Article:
American Heritage® Dictionary of the English Language, Fourth Edition
- n. The wing of a bird.
- n. The outer rear edge of the wing of a bird, containing the primary feathers.
- n. A primary feather of a bird.
- v. To remove or bind the wing feathers of (a bird) to prevent flight.
- v. To cut or bind (the wings of a bird).
- v. To restrain or immobilize (a person) by binding the arms.
- v. To bind (a person's arms).
- v. To bind fast or hold down; shackle.
- n. A small cogwheel that engages or is engaged by a larger cogwheel or a rack.
Century Dictionary and Cyclopedia
- n. A feather; especially, a remex or flight-feather.
- n. The wing of a bird, or the flight-feathers collectively.
- n. Technically, in ornithology, the joint of a bird's wing furthest from the body; the distal segment of the wing; the manus, consisting of the carpus, metacarpus, and phalanges, collectively bearing the primary remiges, or largest flight-feathers, and the alula or bastard-wing. Most adult birds show the seven separate bones of the pinion here figured; but in a few adults, and probably in all embryos, the osseous elements are more numerous.
- n. In entomology, one of various moths: as, the brown-spot pinion, Anchocelis litura.
- n. [⟨ pinion, verb] A shackle or band for the arm.
- To bind or confine the wings of (a bird); restrain or confine by binding the wings, or by cutting off the pinions; bind or confine (the wings). A very common but cruel method of pinioning, practised especially upon geese by poulterers, is to twist the pinion over the next joint of the wing, where it is confined by the primaries resting upon the secondaries.
- To bind or confine the arm or arms of (a person) to the body so as to disable or render incapable of resistance; shackle.
- To bind; attach as by bonds or shackles.
- n. A small wheel with cogs or teeth which engage the teeth of a larger wheel with cogs or teeth, or sometimes only an arbor or spindle having notches or leaves, which are caught successively by the teeth of the wheel, and the motion thereby communicated. See also cut under pawl-press.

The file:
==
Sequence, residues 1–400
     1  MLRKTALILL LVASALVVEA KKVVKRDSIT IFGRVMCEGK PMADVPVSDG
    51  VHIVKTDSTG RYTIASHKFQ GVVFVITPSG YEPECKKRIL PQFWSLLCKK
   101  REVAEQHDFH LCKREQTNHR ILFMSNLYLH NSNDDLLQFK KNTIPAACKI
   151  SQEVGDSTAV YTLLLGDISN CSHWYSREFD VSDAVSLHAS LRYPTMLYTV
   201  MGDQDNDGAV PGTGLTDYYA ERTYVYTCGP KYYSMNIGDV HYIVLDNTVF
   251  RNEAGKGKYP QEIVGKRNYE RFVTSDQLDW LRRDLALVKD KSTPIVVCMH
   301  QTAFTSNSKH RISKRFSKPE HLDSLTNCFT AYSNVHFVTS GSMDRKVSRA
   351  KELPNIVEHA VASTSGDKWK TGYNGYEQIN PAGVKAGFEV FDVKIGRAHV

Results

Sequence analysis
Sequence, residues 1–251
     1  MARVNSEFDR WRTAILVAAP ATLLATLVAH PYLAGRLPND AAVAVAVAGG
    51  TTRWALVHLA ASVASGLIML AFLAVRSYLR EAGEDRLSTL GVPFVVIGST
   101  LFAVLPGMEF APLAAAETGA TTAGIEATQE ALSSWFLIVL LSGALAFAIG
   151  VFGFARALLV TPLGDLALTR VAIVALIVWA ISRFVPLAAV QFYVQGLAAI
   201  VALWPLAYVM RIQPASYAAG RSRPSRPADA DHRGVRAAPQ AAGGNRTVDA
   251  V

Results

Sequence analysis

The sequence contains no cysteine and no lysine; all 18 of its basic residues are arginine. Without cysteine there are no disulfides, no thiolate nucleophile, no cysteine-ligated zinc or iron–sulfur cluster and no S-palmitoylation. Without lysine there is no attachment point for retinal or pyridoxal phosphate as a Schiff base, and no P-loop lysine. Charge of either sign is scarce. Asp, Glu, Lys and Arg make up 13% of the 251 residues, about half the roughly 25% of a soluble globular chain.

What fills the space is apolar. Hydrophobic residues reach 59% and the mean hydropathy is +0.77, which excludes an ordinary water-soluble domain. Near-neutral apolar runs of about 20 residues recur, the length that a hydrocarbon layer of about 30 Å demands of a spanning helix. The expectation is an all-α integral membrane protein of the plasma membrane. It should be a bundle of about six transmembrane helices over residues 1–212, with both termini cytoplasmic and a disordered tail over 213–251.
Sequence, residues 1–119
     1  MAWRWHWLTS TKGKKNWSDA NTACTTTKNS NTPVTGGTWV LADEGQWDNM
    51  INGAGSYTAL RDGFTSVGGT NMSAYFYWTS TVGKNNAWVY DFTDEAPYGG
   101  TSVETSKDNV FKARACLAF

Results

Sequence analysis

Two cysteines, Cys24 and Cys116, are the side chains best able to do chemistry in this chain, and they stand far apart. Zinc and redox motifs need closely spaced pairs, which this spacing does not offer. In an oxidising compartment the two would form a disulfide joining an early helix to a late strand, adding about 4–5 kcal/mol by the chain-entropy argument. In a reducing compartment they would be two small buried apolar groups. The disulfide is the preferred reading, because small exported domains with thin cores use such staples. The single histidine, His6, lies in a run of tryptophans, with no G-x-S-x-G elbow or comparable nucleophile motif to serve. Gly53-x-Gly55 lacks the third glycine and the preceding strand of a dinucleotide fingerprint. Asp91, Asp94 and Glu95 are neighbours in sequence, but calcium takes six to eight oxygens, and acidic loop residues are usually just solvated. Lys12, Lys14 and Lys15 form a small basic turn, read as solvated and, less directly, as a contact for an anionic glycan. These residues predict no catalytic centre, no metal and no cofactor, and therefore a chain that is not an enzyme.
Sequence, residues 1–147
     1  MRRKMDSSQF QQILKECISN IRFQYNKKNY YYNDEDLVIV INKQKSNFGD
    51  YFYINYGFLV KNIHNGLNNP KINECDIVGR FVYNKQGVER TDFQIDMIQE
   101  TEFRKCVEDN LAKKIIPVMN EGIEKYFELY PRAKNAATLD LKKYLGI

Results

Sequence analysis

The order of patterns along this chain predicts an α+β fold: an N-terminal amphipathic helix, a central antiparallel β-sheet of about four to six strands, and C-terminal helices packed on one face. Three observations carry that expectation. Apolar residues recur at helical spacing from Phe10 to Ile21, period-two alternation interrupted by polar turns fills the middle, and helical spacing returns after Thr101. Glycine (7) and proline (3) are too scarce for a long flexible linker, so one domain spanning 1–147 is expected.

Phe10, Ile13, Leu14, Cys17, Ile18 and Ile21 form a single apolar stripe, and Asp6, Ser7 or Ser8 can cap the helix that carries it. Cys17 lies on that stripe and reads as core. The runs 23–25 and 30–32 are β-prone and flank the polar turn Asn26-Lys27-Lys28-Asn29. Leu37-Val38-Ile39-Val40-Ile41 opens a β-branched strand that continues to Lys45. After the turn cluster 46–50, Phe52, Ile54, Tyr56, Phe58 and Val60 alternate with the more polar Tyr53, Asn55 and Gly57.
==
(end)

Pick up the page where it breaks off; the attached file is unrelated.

- n. Same as piñon.
- n. One of two wings or flat projections of any kind.
- n. The smallest gear in a gear drive train.
- n. A wing.
- n. The joint of a bird's wing farthest from the body
- n. The outermost primary feathers on a bird's wing.
- v. To remove the joint of a bird's wing farthest from the body to prevent the bird from flying.
- v. To restrain by binding or holding the arms.
GNU Webster's 1913
- n. (Zoöl.) A moth of the genus Lithophane, as Lithophane antennata, whose larva bores large holes in young peaches and apples.
- n. A feather; a quill.
- n. A wing, literal or figurative.
- n. The joint of bird's wing most remote from the body.
- n. A fetter for the arm.
- n. (Mech.) A cogwheel with a small number of teeth, or leaves, adapted to engage with a larger wheel, or rack (see Rack); esp., such a wheel having its leaves formed of the substance of the arbor or spindle which is its axis.
- v. To bind or confine the wings of; to confine by binding the wings.
- v. To disable by cutting off the pinion joint.
- v. To disable or restrain, as a person, by binding the arms, esp. by binding the arms to the body.
- v. Hence, generally, to confine; to bind; to tie up.
- n. any of the larger wing or tail feathers of a bird
- v. bind the arms of
- v. cut the wings off (of birds)
- n. a gear with a small number of teeth designed to mesh with a larger wheel or rack
- n. wing of a bird
- From French pignon. (Wiktionary)
- Middle English, from Old French pignon, from Vulgar Latin *pinniō, pinniōn-, from Latin penna, pinna, feather; see pinna.French pignon, from Old French peignon, probably from peigne, comb, from Latin pecten, from pectere, to comb. (American Heritage® Dictionary of the English Language, Fourth Edition)
“Some manufacturers use the word "gear" for "pinion," so that, in ordering, they call them _gear_ and _pinion_, in speaking of the large and small wheels.”
“Translation: the Democratic and Republican foreign policy establishments draw their ideas from the same well, and public opinion for them public pinion is just an insignificant nuisance.”
“June 12th, 2007 at 8: 51 pm the Democratic and Republican foreign policy establishments draw their ideas from the same well, and public opinion for them public pinion is just an insignificant nuisance.”
“He found some alleviation from self-torment in _David Copperfield_, and he determined to borrow a feather from 'the master's' pinion -- in other words, to place an autobiographical novel to his credit.”
“A species of wire is made, the section of which resembles a star with from six to twelve rays; this is called pinion wire, and is used by the clockmakers.”
“The "pinion" is the outer rear edge of the wing of a bird.”
“Ñ-- ny, stronger than _ni_ in "pinion," as Niño (child), Caña (cane), El otoño (autumn).”
“In order to drive the gear, I, at one speed or another, as may be demanded, it is only necessary to apply the pinion, H, to the neck of that secondary pinion which is turning at the appropriate speed and then turn the shell bodily around the axle until the external pinion is carried into engagement with gear I, when the shell is again locked fast.”
“Yas, sar; my 'pinion 'bout dat place, boss, am dat it was dug out.”
“With that, everybody hopped up, for Mr. Kimball's "'pinion" was law in such a case.”
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